Lozier was the first student athlete who was inducted. Lozier scored 1,421 career points at Triton and went on to play basketball at Ball State University. She was twice named MAC player of the week and still sits toward the top of the record books in field goal percentage and blocked shots at Ball State. She currently resides in Muncie, where she is the Director of Operations at Central Indiana Orthopedics.
The next athlete inducted was 1981 graduate Carpenter. Carpenter, who is currently the Triton Elementary physical education teacher, is no stranger to being in a Hall of Fame as a member of the Bethel College Hall of Fame after being inducted there in 2005.
“Being a Hall of Fame member is great,” Carpenter said. “But I want to ensure that I am a Hall of Fame father, a Hall of Fame husband, and a Hall of Fame son.”
Kreft, current Triton Elementary third-grade teacher, is one of Triton’s greatest male cross country and track athletes and went on to compete at Liberty University in Virginia. He is the current Triton record holder in the 800 meters with a time of 1:56 as well as the 1600 meters with a time of 4:20.
He also remains in the top of the record book at Liberty University in the indoor 1500 meters with a 4:07. During his acceptance speech, Curt recognized his grandfather, saying, “As I look back and reflect about achieving those goals, though fun and exciting, I realize that they didn’t satisfy me as I thought they would. My Grandpa Kreft wrote me a letter while I was at Liberty, and though I don’t remember much of what was written in the letter, I have never forgotten his closing words, ‘Only Jesus can satisfy the soul.’ That’s a truth that has helped me live through achievements and disappointments.”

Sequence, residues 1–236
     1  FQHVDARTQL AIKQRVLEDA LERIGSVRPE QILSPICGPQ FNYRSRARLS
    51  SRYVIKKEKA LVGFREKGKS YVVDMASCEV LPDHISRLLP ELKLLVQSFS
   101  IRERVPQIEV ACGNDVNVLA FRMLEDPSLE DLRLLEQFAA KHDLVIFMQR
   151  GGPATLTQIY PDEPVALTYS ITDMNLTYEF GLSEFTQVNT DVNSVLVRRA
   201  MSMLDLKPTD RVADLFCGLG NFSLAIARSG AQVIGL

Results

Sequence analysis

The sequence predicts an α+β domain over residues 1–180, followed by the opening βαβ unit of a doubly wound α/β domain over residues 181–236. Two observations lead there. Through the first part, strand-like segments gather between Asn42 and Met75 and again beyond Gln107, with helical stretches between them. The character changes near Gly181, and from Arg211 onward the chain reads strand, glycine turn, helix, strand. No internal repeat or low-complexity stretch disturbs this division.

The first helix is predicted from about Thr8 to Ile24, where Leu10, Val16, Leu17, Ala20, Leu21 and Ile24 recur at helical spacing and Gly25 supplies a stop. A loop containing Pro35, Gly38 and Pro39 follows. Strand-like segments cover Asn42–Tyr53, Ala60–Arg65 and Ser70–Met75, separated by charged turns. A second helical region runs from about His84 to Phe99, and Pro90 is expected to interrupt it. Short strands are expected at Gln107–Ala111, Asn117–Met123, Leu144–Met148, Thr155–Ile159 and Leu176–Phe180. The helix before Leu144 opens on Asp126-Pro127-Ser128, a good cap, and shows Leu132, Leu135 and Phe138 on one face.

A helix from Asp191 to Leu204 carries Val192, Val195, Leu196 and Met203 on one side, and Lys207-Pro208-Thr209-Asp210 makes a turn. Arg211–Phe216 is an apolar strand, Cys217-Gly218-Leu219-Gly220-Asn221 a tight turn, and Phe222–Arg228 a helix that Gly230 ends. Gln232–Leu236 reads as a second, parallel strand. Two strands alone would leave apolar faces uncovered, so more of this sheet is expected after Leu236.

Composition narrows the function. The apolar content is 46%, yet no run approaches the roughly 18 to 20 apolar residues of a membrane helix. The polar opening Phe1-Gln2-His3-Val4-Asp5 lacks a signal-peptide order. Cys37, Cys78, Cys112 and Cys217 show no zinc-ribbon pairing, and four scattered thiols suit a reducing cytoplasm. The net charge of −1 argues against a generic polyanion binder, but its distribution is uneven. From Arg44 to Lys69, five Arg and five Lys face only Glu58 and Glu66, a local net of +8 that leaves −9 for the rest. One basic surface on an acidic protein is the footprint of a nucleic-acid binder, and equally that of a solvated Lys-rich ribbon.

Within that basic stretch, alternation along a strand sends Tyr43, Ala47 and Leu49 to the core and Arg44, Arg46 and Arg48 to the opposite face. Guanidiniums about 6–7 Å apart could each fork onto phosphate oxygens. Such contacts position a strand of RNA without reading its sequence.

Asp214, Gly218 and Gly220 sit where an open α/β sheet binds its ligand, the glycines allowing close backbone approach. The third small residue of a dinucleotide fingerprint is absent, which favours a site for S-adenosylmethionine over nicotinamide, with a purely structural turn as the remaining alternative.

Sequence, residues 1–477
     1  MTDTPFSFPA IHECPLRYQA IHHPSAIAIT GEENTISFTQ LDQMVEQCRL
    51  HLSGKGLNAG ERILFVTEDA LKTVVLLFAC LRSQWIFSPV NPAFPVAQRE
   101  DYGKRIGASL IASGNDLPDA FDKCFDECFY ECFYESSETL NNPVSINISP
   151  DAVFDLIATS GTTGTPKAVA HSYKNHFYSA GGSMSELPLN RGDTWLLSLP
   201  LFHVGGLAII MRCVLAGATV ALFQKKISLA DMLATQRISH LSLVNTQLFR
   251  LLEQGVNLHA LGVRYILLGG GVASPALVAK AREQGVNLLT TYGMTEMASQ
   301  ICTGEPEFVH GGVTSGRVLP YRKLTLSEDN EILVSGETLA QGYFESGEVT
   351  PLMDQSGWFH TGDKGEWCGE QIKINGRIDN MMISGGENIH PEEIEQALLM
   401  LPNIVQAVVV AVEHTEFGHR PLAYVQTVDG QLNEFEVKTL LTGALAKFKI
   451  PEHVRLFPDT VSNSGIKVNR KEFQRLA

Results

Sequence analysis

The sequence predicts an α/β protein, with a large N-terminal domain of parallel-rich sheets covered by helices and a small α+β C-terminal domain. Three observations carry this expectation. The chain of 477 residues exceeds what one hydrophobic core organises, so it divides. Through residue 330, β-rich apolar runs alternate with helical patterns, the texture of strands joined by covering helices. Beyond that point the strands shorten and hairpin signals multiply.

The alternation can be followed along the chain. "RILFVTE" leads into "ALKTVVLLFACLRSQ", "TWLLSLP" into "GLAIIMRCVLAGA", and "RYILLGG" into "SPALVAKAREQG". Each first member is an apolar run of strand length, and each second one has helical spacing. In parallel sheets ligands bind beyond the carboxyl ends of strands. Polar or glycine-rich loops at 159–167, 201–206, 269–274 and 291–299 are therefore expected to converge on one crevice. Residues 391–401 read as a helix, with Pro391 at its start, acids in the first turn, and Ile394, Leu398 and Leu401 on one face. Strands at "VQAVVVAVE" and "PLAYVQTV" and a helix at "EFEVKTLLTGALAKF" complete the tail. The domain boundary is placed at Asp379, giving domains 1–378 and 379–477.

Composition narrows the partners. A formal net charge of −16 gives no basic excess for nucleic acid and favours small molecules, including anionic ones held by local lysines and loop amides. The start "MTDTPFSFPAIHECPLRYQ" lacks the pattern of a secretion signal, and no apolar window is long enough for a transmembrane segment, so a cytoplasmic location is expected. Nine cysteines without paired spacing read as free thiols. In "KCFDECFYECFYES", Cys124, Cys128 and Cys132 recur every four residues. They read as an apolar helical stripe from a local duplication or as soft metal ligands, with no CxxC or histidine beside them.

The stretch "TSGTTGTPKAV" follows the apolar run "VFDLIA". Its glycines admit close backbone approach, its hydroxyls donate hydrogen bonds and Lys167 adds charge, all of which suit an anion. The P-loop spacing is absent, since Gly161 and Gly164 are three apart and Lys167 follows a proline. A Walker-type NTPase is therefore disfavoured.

The last induction of the evening was Erwin.
A 1973 graduate of Triton High School, Erwin was a man of firsts. He was a member of the first winning season in Triton football history in 1970, going 8-1. He was a member of the first Triton wrestling team in 1971 and was also the first Triton individual wrestler to advance to the IHSAA state finals.
During his induction speech, Erwin confessed to purposely tripping up a teammate during the final seconds of a game against North Miami, so he couldn’t make a tackle to prevent a touchdown.
“North Miami hadn’t scored a touchdown all year, and this was the final game of the season. I didn’t want them to finish the year without at least scoring one. I’ve held that in for all of these years and I’m so relieved to finally confess,” he said.
Erwin is the owner of the Pickin’ Patch in Plymouth, where he currently resides.
The induction banquet was full of laughter, tears, stories, and highlights from the many accomplishments, contributions and lives that have been touched by these inductees.
“Although I am saddened to see the evening come to an end, I’m excited about tomorrow and what the future holds for the Triton Athletic Hall of Fame,” McIntyre said.
Plans for the 2014 Hall of Fame weekend have already begun. The selection committee and the Triton Athletic Department look forward to recognizing a new class of individuals who have distinguished themselves on the courts and the fields of Triton High School and beyond.